- Use the birth date or age along with the place of birth of each partner to find a couple's birth records and parents' names.
- Use the birth date or age along with the place of birth to find the family in census records.
- Use the residence and names of the parents to locate church and land records.
- Occupations listed can lead you to other types of records such as employment or military records.
- Use the parents' birth places to find former residences and to establish a migration pattern for the family.
- The name of the officiator is a clue to their religion or area of residence in the county. However, ministers may have reported marriages performed in other counties.
- Compile the marriage entries for every person who has the same surname as the bride or groom; this is especially helpful in rural areas or if the surname is unusual.
- Continue to search the marriage records to identify children, siblings, parents, and other relatives of the bride and groom who may have married in the same county or nearby. This can help you identify other generations of your family or even the second marriage of a parent. Repeat this process for each new generation you identify.
- Use the marriage number to identify previous marriages.
- When looking for a person who had a common name, look at all the entries for the name before deciding which is correct.
Keep in mind:
- The information in marriage records is usually reliable, but depends upon the reliability of the informant.
- Earlier records may not contain as much information as the records created after the late 1800s.
- There is also some variation in the information given from one marriage record to another record.
If you are unable to find the ancestors you are looking for, try the following:
- Check for variant spellings of the surnames.
- Search for the marriage record of the marriage partner if known.
- Check for a different index. There are often indexes at the beginning of each volume.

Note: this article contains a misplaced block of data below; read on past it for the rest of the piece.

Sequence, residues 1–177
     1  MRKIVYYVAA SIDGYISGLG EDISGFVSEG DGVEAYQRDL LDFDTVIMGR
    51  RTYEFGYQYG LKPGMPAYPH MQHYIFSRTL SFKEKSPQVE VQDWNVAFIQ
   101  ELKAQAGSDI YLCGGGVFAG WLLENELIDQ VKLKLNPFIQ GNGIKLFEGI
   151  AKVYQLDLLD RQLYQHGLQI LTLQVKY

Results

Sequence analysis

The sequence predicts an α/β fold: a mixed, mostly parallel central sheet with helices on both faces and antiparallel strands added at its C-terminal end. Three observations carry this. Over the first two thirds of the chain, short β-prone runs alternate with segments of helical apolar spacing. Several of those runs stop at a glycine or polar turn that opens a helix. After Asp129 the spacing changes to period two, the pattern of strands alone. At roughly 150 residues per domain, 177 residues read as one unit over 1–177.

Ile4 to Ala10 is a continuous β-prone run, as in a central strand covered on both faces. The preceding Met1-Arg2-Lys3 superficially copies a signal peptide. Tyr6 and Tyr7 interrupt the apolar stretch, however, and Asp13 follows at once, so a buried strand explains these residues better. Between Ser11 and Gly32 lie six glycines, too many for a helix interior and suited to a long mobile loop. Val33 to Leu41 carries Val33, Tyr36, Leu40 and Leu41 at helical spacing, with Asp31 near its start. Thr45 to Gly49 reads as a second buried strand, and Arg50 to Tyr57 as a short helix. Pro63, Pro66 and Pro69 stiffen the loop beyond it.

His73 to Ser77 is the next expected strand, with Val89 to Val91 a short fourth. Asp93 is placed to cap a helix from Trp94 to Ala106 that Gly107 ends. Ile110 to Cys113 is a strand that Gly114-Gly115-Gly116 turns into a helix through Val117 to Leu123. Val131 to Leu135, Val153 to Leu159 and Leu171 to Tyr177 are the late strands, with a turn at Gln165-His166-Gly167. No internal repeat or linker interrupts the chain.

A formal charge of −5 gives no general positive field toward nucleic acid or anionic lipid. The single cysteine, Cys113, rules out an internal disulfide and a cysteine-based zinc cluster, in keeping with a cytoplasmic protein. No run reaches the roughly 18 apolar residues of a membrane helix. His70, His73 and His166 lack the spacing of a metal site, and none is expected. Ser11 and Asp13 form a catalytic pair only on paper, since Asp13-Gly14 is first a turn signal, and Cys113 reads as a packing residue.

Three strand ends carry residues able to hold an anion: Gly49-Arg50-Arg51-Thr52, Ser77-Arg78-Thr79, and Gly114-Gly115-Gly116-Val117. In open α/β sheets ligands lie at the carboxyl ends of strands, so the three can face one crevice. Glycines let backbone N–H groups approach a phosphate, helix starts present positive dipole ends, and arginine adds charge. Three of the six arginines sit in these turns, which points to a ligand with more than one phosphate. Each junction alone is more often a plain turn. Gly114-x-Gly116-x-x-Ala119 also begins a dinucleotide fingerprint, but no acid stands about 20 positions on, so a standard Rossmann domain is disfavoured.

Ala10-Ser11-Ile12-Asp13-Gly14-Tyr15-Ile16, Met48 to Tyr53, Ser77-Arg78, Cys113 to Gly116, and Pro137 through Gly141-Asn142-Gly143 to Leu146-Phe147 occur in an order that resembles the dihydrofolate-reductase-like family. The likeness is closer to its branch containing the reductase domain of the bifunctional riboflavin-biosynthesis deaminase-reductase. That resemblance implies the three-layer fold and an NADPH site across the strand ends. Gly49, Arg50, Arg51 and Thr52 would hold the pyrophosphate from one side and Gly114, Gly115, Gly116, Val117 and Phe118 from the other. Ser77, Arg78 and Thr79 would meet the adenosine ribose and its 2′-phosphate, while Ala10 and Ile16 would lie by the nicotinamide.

- Search the indexes and records of nearby counties.
For a summary of this information see the wiki article: United States, How to Use the Records Summary (FamilySearch Historical Records).
Known Issues with This Collection
For a full list of all known issues associated with this collection see the attached Wiki article. If you encounter additional problems, please email them to firstname.lastname@example.org. Please include the full path to the link and a description of the problem in your e-mail. Your assistance will help ensure that future reworks will be considered.
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Citing FamilySearch Historical Collections
When you copy information from a record, you should also list where you found the information. This will help you or others to find the record again. It is also good to keep track of records where you did not find information, including the names of the people you looked for in the records.
A suggested format for keeping track of records that you have searched is found in the wiki article Help:How to Cite FamilySearch Collections.
Citation Example for a Record Found in This Collection
"Michigan County Marriages, 1820-1956." database amd digital images, Family Search (https://familysearch.org): accessed 25 March 2011. entry for Richard W, Blanch and Jennie Kuiper, 30 June 1906 citing Marriage Records, FHL microfilm 234,267; Michigan Department of Vital Records, Lansing, Michigan.